In this way, the frequency of the transmit local oscillator is locked at a value equal to the difference between the frequency of the receive local oscillator and the reference IF; in this case, this difference is equal to the RF carrier frequency fc.

When the frequency of the transmit local oscillator has been locked to this value, its output is fed to a pulse modulator PM and is retransmitted as a pulse-modulated wave form consisting of bursts of RF energy at a carrier frequency equal to the receive carrier frequency. The pulse modulation is achieved by means of a pulse generator PG which may comprise, for example, a monostable circuit which changes state in response to an output signal from a counter which is clocked from a high frequency source and is controlled by coded signals contained within the received RF pulses. The count required to produce an output signal can be varied and this therefore acts as a variable delay which can be used to set the frequency of the pulse modulation.

Thereafter, the circuit returns to its idle state, in which the receive local oscillator is repeatedly swept through its frequency range and the frequency lock loop is inhibited. The system remains in this state until the next received RF pulse is detected. The circuit cannot receive an incoming RF pulse while it is operating in its transmitting mode.

The manner of operation of the frequency sweep and lock circuits will now be described with reference to FIGS. 2 and 3. As shown in FIG. 2, the sweep starts from the higher frequency (right-hand) end of the frequency range. The polarity of the error signal from the frequency lock loop FLL ensures that the required IF is obtained when the local oscillator is at a frequency f1 which is higher than the RF carrier frequency fc. Thus, if the incoming IF lies below the reference frequency of 100 MHz, the error signal always increases the frequency of the local oscillator until the two frequencies are equal and the local oscillator is at the frequency f1. On the other hand, whenever the frequency of the incoming IF exceed the reference frequency of 100 MHz, the frequency of the local oscillator is decreased until either it reaches the required frequency F1 (i.e. if it is initially too high) or, if it already lies below the symmetrically disposed frequency f2 on the other side of the RF carrier frequency fc, until it reaches the minimum frequency of the band at which point the search is reset. In other words, the frequency of the local oscillator is returned to F max. In this manner, the frequency of the local oscillator will always be locked to f1 and not to f2 even though the latter would also produce the required IF. The frequency of the local oscillator is thus equal to the sum of the RF carrier frequency and the reference IF. Referring now to FIG. 3, which shows the IF characteristic in the transmit mode of operation, the polarity of the output from the frequency lock loop now ensures that the oscillator frequency is decreased whenever the incoming IF lies below the reference IF and is increased whenever the incoming IF exceeds the reference IF, until either the frequency reaches fc or, if it is already above f3, the search is reset (i.e. the frequency is returned to f min.) It will be seen that in this way when the transmit IF is equal to the reference IF, the transmit local oscillator VCO(Tx) will be at the incoming RF carrier frequency fc.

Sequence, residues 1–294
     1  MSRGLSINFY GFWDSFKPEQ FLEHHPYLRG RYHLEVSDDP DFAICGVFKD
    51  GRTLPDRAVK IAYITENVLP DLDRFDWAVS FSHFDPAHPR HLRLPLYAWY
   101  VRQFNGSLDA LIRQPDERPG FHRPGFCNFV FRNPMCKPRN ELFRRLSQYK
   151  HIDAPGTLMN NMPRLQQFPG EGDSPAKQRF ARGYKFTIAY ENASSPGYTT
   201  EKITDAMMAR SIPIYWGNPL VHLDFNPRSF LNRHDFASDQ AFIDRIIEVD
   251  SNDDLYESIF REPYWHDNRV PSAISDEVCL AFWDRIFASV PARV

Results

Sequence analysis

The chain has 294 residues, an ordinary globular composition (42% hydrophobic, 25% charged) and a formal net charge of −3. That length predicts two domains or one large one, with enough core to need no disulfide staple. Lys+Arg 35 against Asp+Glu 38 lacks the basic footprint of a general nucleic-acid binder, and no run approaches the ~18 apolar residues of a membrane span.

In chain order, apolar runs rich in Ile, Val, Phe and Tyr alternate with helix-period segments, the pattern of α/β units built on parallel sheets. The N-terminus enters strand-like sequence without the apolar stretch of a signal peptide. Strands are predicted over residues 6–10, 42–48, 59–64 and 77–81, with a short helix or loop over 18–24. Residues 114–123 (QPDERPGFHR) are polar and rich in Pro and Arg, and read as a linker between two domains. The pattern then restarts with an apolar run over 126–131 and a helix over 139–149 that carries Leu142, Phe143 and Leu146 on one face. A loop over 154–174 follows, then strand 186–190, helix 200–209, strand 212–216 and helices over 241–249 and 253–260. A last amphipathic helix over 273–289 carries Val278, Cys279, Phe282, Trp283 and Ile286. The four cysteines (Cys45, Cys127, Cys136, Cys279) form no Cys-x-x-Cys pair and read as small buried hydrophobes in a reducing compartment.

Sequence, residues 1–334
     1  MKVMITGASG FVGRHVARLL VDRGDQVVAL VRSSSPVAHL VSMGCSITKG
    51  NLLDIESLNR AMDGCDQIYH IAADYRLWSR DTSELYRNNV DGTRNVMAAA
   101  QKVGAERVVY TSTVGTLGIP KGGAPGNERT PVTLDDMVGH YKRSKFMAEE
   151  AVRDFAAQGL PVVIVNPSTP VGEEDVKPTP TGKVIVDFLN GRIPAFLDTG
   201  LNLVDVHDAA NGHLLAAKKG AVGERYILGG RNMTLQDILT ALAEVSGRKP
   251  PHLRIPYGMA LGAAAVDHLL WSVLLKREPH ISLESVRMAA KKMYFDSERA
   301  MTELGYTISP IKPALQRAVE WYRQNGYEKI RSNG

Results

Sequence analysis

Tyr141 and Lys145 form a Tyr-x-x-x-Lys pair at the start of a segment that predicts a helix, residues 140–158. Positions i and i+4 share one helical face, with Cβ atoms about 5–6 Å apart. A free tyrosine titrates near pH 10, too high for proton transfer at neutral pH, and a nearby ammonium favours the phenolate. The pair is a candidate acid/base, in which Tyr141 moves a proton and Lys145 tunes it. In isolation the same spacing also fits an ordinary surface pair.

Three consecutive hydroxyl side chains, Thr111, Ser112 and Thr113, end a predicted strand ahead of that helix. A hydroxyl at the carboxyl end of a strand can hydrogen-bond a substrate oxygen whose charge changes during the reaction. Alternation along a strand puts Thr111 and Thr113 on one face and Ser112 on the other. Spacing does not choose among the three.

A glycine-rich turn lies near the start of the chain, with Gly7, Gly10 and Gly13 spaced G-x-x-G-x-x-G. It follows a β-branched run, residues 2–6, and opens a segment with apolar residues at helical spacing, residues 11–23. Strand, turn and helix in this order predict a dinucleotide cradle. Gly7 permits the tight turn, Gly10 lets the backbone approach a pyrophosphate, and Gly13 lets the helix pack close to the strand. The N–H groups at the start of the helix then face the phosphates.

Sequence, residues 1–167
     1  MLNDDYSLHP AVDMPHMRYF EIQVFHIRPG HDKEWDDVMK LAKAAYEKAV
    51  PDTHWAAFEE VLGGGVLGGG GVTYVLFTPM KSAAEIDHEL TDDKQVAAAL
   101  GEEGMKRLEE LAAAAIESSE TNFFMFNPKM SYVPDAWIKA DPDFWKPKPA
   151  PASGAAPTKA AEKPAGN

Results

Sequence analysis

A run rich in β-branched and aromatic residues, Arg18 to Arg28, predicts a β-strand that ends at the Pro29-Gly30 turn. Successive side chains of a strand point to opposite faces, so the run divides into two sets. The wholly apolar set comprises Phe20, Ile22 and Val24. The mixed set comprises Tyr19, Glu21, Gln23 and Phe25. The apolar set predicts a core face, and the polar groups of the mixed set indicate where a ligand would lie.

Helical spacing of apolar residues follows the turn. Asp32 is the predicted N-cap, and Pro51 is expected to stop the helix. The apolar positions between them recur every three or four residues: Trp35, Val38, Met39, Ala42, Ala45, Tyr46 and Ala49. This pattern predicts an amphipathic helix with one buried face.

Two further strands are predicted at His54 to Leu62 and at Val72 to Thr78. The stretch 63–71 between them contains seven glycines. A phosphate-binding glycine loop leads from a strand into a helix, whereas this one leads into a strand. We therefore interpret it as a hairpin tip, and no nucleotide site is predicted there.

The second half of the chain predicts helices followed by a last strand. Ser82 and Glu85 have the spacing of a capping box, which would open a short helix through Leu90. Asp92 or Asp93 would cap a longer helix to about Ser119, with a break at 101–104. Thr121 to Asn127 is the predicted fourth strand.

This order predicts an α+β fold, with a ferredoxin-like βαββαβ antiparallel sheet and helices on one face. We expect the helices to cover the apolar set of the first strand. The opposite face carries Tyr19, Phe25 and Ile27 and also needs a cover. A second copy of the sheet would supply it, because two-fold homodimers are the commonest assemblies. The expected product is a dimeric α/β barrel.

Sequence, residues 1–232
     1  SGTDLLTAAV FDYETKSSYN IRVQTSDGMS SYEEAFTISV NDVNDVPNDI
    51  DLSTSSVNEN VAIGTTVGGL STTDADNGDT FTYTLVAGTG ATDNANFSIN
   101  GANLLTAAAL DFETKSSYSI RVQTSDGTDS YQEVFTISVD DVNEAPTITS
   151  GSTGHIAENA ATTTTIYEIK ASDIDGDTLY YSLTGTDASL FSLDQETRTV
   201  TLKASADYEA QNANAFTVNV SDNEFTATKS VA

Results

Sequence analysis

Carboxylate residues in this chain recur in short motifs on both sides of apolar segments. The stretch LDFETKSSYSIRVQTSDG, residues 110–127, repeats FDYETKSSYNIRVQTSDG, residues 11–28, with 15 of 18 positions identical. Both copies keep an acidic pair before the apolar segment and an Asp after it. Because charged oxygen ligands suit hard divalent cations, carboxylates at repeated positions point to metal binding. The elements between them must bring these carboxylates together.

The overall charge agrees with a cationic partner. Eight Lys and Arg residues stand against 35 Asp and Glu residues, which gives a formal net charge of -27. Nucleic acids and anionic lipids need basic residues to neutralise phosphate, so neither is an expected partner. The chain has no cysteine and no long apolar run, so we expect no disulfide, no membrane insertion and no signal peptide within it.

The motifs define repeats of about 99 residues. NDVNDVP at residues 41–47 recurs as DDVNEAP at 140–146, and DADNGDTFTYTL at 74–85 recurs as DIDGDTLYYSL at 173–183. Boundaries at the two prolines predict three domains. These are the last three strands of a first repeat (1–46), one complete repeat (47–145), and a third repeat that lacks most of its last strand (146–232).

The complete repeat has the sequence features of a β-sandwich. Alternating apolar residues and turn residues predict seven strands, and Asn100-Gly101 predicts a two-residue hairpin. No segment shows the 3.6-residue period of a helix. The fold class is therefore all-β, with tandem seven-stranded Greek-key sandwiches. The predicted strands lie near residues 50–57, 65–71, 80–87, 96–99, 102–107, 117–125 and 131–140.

It is not necessary that the reference frequency supplied to the circuit PD/SC when the circuit is operating in its receiving mode is the same as that supplied when it operates in its transmitting mode. If the two reference frequencies are different, the transmitted carrier frequency will be offset from the received carrier frequency. The second reference signal can be supplied, for example, from a programmable frequency synthesiser.

Referring now to FIG. 5, which shows the pulse detector/sequence control unit PD/SC, during the frequency sweep under the control of circuit FS1 (i.e. in the receive mode), an "inhibit" signal is applied from circuit FS1 through gate 10 to an AND gate 11 which controls the application of the input IF to the frequency lock loop.

The output of the mixer M1 is applied to the receive envelope detector 12 and when this envelope detector senses the presence of an RF signal it sends a stop signal to the frequency sweep circuit FS1 to stop the sweep. At the termination of the sweep the inhibit signal at AND gate 11 is removed. The other inputs of the AND gate are from the envelope detector 12 and a differential comparator 13 which converts the incoming IF waveform to pulses at logic level. These switch on the AND gate to transmit the IF signal through an OR gate 14 to the frequency lock loop FLL.

During the received RF pulse, the signal from the envelope detector 12 fulfils a further function, namely to switch a receiver monostable circuit 15 which transmits a signal by way of an OR gate 16 to output H of the circuit to enable the frequency lock loop FLL to operate, during the receiving phase, when it receives a signal through gates 11 and 14. Finally, the signal from the receive envelope detector is applied to a delay circuit 17, the purpose of which will be described later.

The frequency lock loop now operates to compare the input IF on output line G with the reference IF applied through a circuit 18 (which converts the reference wave form to a logic level wave form) to the output line I of the circuit PD/SC, as described above.

Reverting to the delay circuit 17, the output of this circuit is connected to one input of an AND gate 19, the other input of which is connected to the second output of the receiver monostable circuit 15. The delay provided by the circuit 17 is such that the output of the AND gate 19 switches a transmitter monostable circuit 20 for a period following the operation of the receiver monostable circuit 15. The monostable circuit 20 operates through the OR gate 16 to enable the frequency lock loop to respond, during the transmitting phase, when it receives a signal through gates 21 and 14.